Music

Gil Evans: Centennial: Newly Discovered Works of Gil Evans

Brilliant, beautiful music. Nothing else needs to be said.


Gil Evans

Centennial: Newly Discovered Works of Gil Evans

Label: Artist Share
US Release Date: 2012-05-13
UK Release Date: Import
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Centenntial: Newly Discovered Works of Gil Evans is a daunting undertaking, years in the making. Producer Ryan Truesdell was given access to a humongous collection of manuscripts left by the late, great Gil Evans. Among the familiar pieces were a number of arrangements that had never been heard publicly, and in some cases had never been completed. With the blessing of Evans's estate, Truesdell took it upon himself to gather a band and record these previously unknown compositions and arrangements. Here is the fruits of his labors, with significant help from the dozens of musicians he assembled and Artist Share, the collaborative process in which fans themselves fund projects and get to help choose what kind of music gets made. And thank whatever gods you worship that this album was made, because it is beyond phenomenal.

Elmer Gilmore Evans is, of course, one of the most important figures in the history of jazz, although for the casual jazz fans Evans may be known solely as the collaborative partner of Miles Davis on such classic albums as Porgy and Bess and Sketches of Spain, which are perhaps the very best examples of jazz being mixed with its forgotten roots in classical music. They are exceptional examples of Davis's playing, but more importantly served as showcases for Evans's severely underrated skills as an arranger.

There is far, far more to Evans's legacy, however, than merely facilitating the masterpieces of another artist. Although his output as leader of his own ensemble is rather sparse in comparison with most other big names of golden eras of jazz, the albums he put out with his own collectives made up for the lack of quantity with exceptional quality. Like Davis, he was at the forefront of just about every new trend and movement in jazz from the '40s to the '70s. His album Gil Evans and Ten stretched the boundaries of cool jazz, he was one of many early proponents of the use of electronic instruments in jazz with his Svengali, and he swung much farther towards rock than most of his fusion contemporaries with the surpassingly good The Gil Evans Orchestra Plays the Music of Jimi Hendrix.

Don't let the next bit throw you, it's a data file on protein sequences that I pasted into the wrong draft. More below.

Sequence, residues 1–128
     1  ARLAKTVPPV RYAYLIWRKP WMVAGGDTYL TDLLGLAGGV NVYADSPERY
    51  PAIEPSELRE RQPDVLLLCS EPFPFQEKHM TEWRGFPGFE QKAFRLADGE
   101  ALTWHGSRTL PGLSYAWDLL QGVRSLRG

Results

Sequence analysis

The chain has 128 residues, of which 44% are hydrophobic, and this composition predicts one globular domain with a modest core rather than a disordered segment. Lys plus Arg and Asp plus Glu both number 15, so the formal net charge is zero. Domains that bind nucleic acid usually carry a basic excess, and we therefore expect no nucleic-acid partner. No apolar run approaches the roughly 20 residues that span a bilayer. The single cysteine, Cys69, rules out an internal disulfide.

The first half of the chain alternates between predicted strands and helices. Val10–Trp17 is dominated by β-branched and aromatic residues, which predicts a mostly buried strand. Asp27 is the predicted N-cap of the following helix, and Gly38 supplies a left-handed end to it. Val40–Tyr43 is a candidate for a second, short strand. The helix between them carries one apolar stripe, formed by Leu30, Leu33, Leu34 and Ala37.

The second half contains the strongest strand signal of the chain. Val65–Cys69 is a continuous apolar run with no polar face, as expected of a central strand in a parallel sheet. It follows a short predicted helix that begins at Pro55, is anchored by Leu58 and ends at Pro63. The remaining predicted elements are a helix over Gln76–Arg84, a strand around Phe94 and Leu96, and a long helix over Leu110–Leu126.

This album, like most that are comprised of earlier compositions, tends to shy away from the fusion period and focuses on perhaps jazz's most fertile period (as well as Evans's) of the 1950s. So of course the vast majority of the pieces here slip very, very easily into the collection of any jazz fanatic, although Evan's distinctive arrangements always place his work above is peer and this is no exception. His ability to subvert the pitfalls of big band jazz, which could often fall into vats of extreme cheese, despite using the same set of tools as the cheese purveyors. A number of the tracks do this by inserting tonal colors or instruments that are downright foreign to the kind of jazz that was being produced at the time that these arrangements were written, i.e. the table on "Punjab", which absolutely makes the track. Evans's desire to create gorgeous music spurred on a natural talent, making him a restless virtuoso of orchestration. The sonic textures conjured up here by the specific combinations of instruments and melodic passages are revelatory. "Punjab" as an opener is a good indicator of the level of quality that the listener is in store for on this album.

Other highlights of the album are the beautiful "Look to the Rainbow", with it's sweet folklike melody and harmonic accompaniment that builds and climbs throughout. The bass solo in the break between verses is sublime, as are the mellow vocals of Luciana Souza and the occasional glissandos of the slide trombone. "Smoking My Sad Cigarette" is almost the opposite on the emotional spectrum. Each note can be seen through a thick haze of smoke as the splendorous bass trombone and piccolo combine in a perfect distillation of the prototypical "dark night of the soul." There are so many highlights here that you could pore over basically every note played on the album, from the fantastic syncopations of "The Maids of Cadiz" to the frightening, haunting dissonances of "Barbara Song", that sound exactly like a film noir starring Dracula. The best, though, is the nearly twenty-minute medley of "Waltz/Variation on the Misery/So Long", that producer Truesdell describes as Evans's "magnum opus", an apt description if ever there were one. There is so much ground covered here that it would takes miles of wreaths of words to explain the power of this piece; it is akin to a symphony and is most certainly an uncovered diamond of the jazz world that will hopefully be treasured for a long time to come and given it's due credit when the last book on the subject is written.